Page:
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Re: Re: Vit E. question And Vit B

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  • Cynthia Rausch
    gea@alumni.duke.edu wrote: I started giving Malcolm 200 IU per day about a week ago based on the usual recommended dosage for cats (100-400 IU) listed in The
    Message 1 of 1 , Jun 1, 2001
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      gea@... wrote:
      I started giving Malcolm 200 IU per day about a week ago based
      on the usual recommended dosage for cats (100-400 IU) listed
      in "The Pill Book Guide to Medication for Your Dog and Cat"
      (Roby & Southam, 1998).

      I did a little reading & found lots of references to Vit. E.'s
      anticoagulant properties but not much (in the clinical literature)
      about its effect on blood presure, but did find the following:

      - a study showing Vit E. decreased blood pressure in rats
      - a study in humans in which Vit. E. showed a trend (but no
      statistically significant difference) in blood pressure in people
      already being treated for hypertension
      - a study in humans showing that Vit. E. intake did correlate with
      decrease in sroke (for only 58 vs. 27 I.U. per day)

      Based upon this last finding, and Cynthia's list, I may decrease
      Malcolm's dose a little, but in his case, a little decrease in blood
      pressure probably wouldn't be a bad thing.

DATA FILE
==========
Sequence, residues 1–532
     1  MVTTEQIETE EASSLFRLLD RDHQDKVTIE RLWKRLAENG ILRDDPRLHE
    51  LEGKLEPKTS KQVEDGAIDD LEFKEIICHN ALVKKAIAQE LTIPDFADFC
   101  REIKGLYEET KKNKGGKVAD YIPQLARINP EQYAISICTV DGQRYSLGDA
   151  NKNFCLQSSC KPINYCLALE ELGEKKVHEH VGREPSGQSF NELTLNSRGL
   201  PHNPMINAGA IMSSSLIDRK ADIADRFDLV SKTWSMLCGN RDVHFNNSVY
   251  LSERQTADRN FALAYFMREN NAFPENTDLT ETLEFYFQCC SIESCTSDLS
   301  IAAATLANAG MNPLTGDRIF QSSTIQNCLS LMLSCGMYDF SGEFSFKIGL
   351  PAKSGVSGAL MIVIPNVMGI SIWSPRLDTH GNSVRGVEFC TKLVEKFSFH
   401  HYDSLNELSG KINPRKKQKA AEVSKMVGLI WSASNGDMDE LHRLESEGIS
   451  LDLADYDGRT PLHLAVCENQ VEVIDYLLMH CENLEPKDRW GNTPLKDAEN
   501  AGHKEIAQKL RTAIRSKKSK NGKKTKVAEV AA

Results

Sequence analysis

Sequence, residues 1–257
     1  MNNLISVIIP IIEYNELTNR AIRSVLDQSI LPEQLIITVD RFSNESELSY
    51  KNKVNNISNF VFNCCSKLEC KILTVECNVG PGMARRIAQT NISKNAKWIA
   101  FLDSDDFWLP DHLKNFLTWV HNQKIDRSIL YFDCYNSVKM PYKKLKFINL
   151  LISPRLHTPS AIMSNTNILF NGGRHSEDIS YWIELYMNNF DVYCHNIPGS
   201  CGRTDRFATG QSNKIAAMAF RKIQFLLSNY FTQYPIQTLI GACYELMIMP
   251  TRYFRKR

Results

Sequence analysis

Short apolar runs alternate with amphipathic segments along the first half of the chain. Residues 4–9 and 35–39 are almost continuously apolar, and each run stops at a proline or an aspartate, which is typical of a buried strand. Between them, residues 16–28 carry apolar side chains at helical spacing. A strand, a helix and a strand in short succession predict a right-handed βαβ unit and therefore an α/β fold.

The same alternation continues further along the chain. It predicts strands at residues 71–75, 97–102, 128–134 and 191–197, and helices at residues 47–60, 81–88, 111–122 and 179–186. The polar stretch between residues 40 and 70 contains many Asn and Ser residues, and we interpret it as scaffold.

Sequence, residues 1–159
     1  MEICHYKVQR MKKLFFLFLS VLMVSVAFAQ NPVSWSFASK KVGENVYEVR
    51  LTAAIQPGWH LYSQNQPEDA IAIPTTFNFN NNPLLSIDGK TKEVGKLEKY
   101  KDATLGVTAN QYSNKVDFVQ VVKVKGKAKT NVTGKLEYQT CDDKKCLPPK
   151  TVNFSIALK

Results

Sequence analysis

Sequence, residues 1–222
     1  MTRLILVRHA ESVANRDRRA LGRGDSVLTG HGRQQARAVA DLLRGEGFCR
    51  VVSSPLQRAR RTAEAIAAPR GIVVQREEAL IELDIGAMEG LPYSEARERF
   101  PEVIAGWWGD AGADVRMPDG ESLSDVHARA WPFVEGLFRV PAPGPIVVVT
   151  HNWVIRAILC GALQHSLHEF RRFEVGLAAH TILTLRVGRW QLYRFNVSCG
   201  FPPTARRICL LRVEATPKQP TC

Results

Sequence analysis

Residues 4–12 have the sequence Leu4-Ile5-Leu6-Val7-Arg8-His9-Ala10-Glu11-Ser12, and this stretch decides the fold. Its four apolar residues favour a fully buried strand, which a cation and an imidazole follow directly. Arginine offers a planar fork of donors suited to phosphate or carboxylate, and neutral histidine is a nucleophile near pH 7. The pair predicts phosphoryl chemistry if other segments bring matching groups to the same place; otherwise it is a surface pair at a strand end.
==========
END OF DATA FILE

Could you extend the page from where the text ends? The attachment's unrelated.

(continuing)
Gail & Malcolm


      Hi Gail and Malcolm,

      I've been doing some searching too, since this has also come up
      on the Feline IBD list as well, Below are a few articles I found today
      on Vitamin E.

      1: Biol Trace Elem Res 1992 Apr-Jun;33:1-21

      Etiologic factors and pathologic alterations in
      selenium-vitamin E deficiency and excess in animals
      and humans.

      Van Vleet JF, Ferrans VJ.

      Department of Pathobiology, School of Veterinary
      Medicine, Purdue University West Lafayette, IN 47907.

      The etiology of selenium-vitamin E (Se-E) deficiency
      diseases may be complex. Many of the syndromes involve
      combined deficiency of selenium and vitamin E. Selenium
      moves into the animal and human food chain from soil
      and plants, which may contain inadequate amounts of the
      nutrient in many areas of the world. Vitamin E may be in
      low concentration in many animal feeds unless supplements
      are added. Some syndromes, such as steatitis in cats,
      result from an increased requirement of vitamin E in
      diets that contain large amounts of polyunsaturated fatty
      acids, and these diseases will only respond to vitamin
      E administration. Deficiency syndromes in animals owing
      to pure Se deficiency are infrequent and have been
      produced mainly by laboratory studies utilizing extreme
      deficiency conditions. Other factors that may affect
      the occurrence of these deficiency diseases are concurrent
      dietary deficiency of S-containing amino acids,
      bioavailability of different forms of dietary Se, intake
      of compounds that antagonize Se (e.g., silver salts),
      and exposure to various prooxidant substances (e.g.,
      iron compounds, oxygen, ozone, and various drugs).